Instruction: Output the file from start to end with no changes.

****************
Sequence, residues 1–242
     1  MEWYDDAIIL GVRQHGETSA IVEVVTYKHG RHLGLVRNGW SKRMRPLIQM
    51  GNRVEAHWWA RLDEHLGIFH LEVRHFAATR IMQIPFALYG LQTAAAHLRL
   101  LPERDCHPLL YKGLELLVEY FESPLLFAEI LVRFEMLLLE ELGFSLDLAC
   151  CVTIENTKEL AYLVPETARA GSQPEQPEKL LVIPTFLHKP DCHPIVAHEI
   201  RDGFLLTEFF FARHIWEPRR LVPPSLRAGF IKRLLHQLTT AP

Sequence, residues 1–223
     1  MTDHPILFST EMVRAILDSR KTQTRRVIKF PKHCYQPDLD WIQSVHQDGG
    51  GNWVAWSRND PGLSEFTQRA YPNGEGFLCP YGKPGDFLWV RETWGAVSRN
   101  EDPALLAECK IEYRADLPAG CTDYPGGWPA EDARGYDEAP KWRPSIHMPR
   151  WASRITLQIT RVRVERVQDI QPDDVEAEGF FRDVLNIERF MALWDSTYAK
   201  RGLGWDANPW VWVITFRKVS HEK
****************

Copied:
Sequence, residues 1–242
     1  MEWYDDAIIL GVRQHGETSA IVEVVTYKHG RHLGLVRNGW SKRMRPLIQM
    51  GNRVEAHWWA RLDEHLGIFH LEVRHFAATR IMQIPFALYG LQTAAAHLRL
   101  LPERDCHPLL YKGLELLVEY FESPLLFAEI LVRFEMLLLE ELGFSLDLAC
   151  CVTIENTKEL AYLVPETARA GSQPEQPEKL LVIPTFLHKP DCHPIVAHEI
   201  RDGFLLTEFF FARHIWEPRR LVPPSLRAGF IKRLLHQLTT AP

Sequence, residues 1–223
     1  MTDHPILFST EMVRAILDSR KTQTRRVIKF PKHCYQPDLD WIQSVHQDGG
    51  GNWVAWSRND PGLSEFTQRA YPNGEGFLCP YGKPGDFLWV RETWGAVSRN
   101  EDPALLAECK IEYRADLPAG CTDYPGGWPA EDARGYDEAP KWRPSIHMPR
   151  WASRITLQIT RVRVERVQDI QPDDVEAEGF FRDVLNIERF MALWDSTYAK
   201  RGLGWDANPW VWVITFRKVS HEK